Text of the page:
It’s an interesting read and it makes Doug look like he’s really staying unemotional throughout this process despite the fact that emotions seem to be running high with Delta’s management team. For example, when asked why Doug is so adamant about completing the merger, he says . . .
The short answer to that question is it’s our job.
We’ve got a really good thing going here and if we just wanted to make our own life easier, we’d have stayed home for the last couple of months enjoying some time with our families. Unfortunately, we don’t own the company; our shareholders do.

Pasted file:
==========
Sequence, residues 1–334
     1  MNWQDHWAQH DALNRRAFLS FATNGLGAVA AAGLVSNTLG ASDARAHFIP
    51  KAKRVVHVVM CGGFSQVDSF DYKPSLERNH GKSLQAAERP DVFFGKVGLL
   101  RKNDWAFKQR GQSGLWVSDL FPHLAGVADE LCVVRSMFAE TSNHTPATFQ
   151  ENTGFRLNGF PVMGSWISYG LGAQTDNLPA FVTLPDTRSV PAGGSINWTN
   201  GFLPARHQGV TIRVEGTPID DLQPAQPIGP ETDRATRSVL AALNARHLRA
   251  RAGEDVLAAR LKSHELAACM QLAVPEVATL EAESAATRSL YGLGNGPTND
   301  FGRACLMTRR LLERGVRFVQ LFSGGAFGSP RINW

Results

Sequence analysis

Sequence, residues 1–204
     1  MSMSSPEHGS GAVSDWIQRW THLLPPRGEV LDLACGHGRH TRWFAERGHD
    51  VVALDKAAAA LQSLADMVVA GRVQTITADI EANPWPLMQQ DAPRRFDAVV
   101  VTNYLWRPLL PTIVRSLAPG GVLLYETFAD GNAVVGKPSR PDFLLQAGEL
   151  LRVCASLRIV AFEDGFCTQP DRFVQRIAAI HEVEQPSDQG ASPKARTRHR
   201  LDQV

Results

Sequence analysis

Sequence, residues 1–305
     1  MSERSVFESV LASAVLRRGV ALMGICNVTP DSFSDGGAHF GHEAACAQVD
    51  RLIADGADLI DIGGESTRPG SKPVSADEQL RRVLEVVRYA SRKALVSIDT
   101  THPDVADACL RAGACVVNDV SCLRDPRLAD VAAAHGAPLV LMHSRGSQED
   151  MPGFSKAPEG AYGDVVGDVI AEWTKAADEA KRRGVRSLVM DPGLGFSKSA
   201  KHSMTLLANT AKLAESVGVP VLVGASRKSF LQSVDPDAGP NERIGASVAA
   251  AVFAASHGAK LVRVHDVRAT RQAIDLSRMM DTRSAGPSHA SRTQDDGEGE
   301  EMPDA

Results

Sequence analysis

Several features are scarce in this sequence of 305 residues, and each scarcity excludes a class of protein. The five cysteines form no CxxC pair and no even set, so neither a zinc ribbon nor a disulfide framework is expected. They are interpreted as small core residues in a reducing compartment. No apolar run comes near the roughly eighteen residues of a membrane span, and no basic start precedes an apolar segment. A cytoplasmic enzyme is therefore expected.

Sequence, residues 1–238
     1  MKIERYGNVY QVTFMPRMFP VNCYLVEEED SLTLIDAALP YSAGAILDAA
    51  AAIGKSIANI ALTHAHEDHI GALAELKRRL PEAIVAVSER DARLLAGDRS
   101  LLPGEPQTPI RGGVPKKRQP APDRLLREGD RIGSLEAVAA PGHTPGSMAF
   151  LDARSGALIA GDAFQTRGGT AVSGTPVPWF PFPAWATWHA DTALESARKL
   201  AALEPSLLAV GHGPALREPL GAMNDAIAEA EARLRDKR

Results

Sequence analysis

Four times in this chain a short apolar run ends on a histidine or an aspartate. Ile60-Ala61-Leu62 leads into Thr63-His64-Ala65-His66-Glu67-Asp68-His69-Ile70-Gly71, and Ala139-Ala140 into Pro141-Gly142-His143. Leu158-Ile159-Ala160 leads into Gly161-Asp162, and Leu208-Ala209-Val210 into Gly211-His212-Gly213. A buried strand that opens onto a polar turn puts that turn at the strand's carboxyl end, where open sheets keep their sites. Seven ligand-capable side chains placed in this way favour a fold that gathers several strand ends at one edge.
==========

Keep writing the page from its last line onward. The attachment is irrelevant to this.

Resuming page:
They pay us to go maximize value, not just create some value.
When we have opportunities that we know can create yet again more value, not just for shareholders but a stronger environment for your employees and your communities, that’s what we’re supposed to do.
It sounds like someone who clearly understands his role. If he sees an opportunity to improve the business, then he should absolutely pursue it. I’m not personally convinced that this merger is a good idea, but I definitely think that Delta management owes it to their creditors to fully entertain any and all options.
I can certainly understand their desire to exit independently. Delta has made a lot of progress in bankruptcy, and I do like some of what they’ve done. It seems to me that they’ve gone and dismissed the US Airways offer without fully considering it. I can understand their hesitance to open their books to another airline that could very well remain a competitor if the merger doesn’t go through, but if that’s what the creditors want, that’s what is going to happen anyway.